Another simple way to get your greens is to add them to a smoothie. “Most people know about green, leafy vegetables — they’re definitely superfoods and they’re some of the top anti-inflammatory foods. Throw them in your smoothie with blueberries, which are high in antioxidants and another one of the top anti-inflammatory foods.”

Try out other sources of protein besides red meat

“People often ask, ‘If I don’t eat as much meat, especially red meat or animal protein, what can I substitute that with in terms of adding proteins that are less inflammatory?’” says Lee. Seeds, nuts, and legumes are a great place to start. “Chia seeds help with digestion, but they’re also anti-inflammatory.” You can sprinkle a scoop over a salad or drop some into your water bottle, Lee says.

And if you love eating animal proteins, try to make sure you’re sourcing free-range or grass-fed options. “The benefit of that is instead of grains, ideally the animals are eating grass, which is higher in the good fats and less inflammatory. And they’re also less saturated in fat because, hopefully, the animals are able to exercise more.”

Increase your water intake when you’re drinking alcohol

If you enjoy a glass of red wine while you binge-watch TV, remember to supplement each glass with one or two glasses of water, says Lee. “Too much alcohol is inflammatory. I tell my clients to drink a glass of water before, during, and after, or have a glass of water after each glass of alcohol. It makes a difference,” says Lee. “If you’re going to drink, balance it out, just like you do with vegetables at your meal.”

Opt for plant-based milk instead of regular milk

“Cow’s milk products are not easily digestible and can be a trigger for inflammatory responses such as IBS, stomach distress, constipation, diarrhea, bloating, and even acne,” says Lee. There are plenty of alternative plant-based milks (these lack the enzymes in cow’s milk products that cause inflammation) widely available in grocery stores across the country (and even in Starbucks!), like oat and almond milk. “For some of my clients, once they reduce dairy, it clears up their skin and they’re not bloated anymore,” says Lee. But if you’re not ready to give up dairy products like yogurt, try finding an organic locally-produced yogurt you love (they’re usually less processed and higher quality), or fermented Kefir as an alternative, Lee suggests.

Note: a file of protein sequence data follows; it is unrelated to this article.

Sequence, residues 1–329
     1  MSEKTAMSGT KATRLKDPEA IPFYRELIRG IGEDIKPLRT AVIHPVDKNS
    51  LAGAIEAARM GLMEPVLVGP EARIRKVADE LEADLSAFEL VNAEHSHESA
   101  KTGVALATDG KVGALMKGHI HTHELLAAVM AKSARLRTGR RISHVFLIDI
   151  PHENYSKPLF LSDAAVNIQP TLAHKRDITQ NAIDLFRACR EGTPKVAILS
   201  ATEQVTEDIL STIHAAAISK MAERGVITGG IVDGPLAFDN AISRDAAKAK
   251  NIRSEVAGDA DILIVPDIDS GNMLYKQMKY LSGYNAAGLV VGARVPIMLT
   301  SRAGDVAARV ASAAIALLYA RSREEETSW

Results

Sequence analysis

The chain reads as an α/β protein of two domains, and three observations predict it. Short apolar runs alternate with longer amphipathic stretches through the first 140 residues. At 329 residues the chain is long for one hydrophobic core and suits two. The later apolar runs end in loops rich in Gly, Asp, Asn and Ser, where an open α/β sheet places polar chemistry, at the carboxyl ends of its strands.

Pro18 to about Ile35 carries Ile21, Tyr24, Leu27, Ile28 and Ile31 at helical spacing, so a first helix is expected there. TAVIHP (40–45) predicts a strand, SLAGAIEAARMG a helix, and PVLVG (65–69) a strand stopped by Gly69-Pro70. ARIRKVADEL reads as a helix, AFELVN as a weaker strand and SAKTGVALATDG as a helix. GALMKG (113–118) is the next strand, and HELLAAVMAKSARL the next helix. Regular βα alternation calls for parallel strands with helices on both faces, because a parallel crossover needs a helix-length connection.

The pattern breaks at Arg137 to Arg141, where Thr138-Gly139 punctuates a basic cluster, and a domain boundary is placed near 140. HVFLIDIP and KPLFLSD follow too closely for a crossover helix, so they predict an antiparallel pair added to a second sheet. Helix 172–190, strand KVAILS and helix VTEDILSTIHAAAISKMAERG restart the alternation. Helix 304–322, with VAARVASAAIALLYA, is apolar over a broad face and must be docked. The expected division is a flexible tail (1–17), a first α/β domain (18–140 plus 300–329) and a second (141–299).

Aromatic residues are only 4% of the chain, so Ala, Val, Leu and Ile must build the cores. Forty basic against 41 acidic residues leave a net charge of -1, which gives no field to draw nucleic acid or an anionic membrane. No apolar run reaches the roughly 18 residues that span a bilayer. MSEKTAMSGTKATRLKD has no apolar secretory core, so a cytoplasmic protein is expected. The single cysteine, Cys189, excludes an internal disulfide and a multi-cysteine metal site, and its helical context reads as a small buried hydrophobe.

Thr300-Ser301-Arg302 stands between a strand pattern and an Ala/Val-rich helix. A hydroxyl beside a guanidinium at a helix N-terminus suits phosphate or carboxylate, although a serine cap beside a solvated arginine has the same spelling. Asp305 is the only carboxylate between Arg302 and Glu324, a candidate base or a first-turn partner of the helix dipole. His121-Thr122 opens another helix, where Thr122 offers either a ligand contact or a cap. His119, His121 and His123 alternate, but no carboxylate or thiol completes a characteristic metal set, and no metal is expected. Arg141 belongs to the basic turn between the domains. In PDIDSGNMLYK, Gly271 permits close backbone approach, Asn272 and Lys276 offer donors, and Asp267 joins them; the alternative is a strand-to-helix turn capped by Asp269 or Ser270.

Don’t forget to find time to relax

Stressful situations like working in a toxic environment, mourning the loss of a loved one, or worrying about your endless to-do list can also cause the body to become inflamed. “Nutrition is only half the equation,” says Lee. “In today’s society, a lot of people are anxious because of the pandemic, feel angry reading the news about the war, or are overworking and not sleeping well. Too much stress, anxiety, and depression can be inflammatory.” Meditating, gentle yoga, walking in nature, or any type of exercise that truly brings you joy are great ways to cool the body down.

“Whatever helps the body relax and release tension and stress is anti-inflammatory,” says Lee. “You’re giving your body an opportunity to heal, recover, and balance.”

The information provided on this site isn’t intended as medical advice, and shouldn’t replace professional medical treatment. Consult your doctor with any serious health concerns.